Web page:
The Cat Returns features the voices of Anne Hathaway, Peter Boyle, Elliott Gould, and Tim Curry, among others.

Short before Feature 2
Recital Hall: Screenings at 3:00pm and 4:45pm
(United Kingdom), Animation, Matthew Abbiss, 2004, 3.5 minutes
Deceptively simple, humorous narrative about a father and a child waiting for a bus.

Feature 2
Recital Hall: Screenings at 3:00pm and 4:45pm
(USA/Germany/France/Ireland/U.K./Denmark), Michael Hegner and Karsten Kiilerich, 2006, 90 minutes
Recommended for ages 4-10
Everyone knows the Hans Christian Andersen story about the ugly duckling that changed into a swan–this different take on the classic story explains how a weird-looking little duckling named Ugly overcomes his low self-esteem problem after he’s reluctantly adopted by a city rat named Ratso.

Ratso is a lying, cheating talent manager notorious for leaving his clients in the lurch. Finding himself trapped in a chicken yard and under attack, Ratso attempts to save his life by adopting a large, unhatched egg. A few cracks later and out pops a hideous little chick named Ugly, who buries its head in the rodent’s fur and cries “Mama.” Ratso is initially reluctant to be part of this odd-couple family, until he realizes that Ugly could be his ticket to success and sets about exploiting his awful looks on the carnival circuit. However, a long and difficult journey stands between them and the stage. Big laughs come along with life’s lessons as Ugly struggles to find his place.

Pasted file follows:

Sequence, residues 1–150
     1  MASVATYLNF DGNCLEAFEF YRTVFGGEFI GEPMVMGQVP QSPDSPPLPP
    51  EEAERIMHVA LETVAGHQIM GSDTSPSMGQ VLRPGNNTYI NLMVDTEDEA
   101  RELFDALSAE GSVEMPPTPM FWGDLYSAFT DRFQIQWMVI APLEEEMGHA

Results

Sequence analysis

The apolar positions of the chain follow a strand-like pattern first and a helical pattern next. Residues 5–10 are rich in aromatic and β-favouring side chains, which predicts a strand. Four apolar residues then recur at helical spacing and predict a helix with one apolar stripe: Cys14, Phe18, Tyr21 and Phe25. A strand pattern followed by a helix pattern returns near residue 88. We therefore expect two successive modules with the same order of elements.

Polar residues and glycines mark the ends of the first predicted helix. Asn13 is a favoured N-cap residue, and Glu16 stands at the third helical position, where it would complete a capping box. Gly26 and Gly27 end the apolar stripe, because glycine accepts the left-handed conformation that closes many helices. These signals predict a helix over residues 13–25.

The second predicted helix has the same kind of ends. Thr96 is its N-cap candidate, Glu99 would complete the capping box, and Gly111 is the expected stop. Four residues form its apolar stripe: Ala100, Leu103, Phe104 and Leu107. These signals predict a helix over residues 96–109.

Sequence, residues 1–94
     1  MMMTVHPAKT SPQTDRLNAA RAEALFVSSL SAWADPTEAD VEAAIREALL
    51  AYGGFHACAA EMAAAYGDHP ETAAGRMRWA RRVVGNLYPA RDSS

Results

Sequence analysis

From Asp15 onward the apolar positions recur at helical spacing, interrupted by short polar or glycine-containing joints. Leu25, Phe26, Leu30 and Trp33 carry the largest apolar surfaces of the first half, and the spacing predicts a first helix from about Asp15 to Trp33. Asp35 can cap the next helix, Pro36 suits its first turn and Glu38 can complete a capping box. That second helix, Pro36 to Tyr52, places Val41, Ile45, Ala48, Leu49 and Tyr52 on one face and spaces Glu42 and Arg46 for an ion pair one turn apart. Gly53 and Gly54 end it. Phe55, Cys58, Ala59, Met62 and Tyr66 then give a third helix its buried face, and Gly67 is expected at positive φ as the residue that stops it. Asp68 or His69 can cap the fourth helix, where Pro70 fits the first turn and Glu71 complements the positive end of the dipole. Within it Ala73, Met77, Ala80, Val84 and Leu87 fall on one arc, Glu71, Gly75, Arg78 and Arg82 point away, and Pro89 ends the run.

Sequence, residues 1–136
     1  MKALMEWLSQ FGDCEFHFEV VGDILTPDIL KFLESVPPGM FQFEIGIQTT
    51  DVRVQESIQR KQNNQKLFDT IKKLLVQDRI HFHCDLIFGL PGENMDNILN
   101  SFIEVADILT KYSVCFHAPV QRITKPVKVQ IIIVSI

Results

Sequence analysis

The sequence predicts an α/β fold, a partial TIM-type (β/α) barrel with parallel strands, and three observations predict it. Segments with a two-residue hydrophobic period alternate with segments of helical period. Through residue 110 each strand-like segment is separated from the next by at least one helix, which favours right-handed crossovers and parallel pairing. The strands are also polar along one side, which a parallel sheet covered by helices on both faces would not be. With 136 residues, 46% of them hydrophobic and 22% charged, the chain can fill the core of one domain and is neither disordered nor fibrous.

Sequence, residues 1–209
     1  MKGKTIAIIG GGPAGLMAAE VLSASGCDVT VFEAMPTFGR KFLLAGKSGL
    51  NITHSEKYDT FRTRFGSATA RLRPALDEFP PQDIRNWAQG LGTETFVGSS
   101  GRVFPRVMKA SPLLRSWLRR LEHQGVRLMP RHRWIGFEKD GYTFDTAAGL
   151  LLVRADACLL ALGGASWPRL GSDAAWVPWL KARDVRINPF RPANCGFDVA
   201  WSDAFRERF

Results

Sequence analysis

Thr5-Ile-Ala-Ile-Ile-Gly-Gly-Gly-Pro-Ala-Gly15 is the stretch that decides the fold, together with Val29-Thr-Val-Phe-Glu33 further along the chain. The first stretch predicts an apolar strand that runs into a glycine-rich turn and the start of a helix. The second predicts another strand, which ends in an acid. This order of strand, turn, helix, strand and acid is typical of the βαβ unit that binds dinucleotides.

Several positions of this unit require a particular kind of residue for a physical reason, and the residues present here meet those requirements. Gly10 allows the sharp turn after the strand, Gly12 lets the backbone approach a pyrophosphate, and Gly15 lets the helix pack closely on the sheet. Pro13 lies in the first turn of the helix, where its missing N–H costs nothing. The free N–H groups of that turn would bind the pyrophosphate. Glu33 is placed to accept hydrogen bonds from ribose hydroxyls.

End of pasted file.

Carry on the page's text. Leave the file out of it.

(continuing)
Feature 3
Screenings at noon and 3:00pm
Lecture Hall: Screenings at noon and 1:30pm
60 minutes
Recommended for ages 3-10

(Canada), Animation, Marek Colek and Pat Shewchuk, 2006, 5.5 minutes
Montrose Avenue explores the ebb and flow of street life outside of the filmmakers’ windows on a typical summer day in this inner-city neighborhood street in Toronto, Canada. The meticulously tended front gardens, the active porch life on summer evenings, and the annual Portuguese festival all combine to evoke an intimacy that contrasts with the hustle and bustle of nearby downtown as we follow the actions of residents, pedestrians, and local merchants on their daily routines.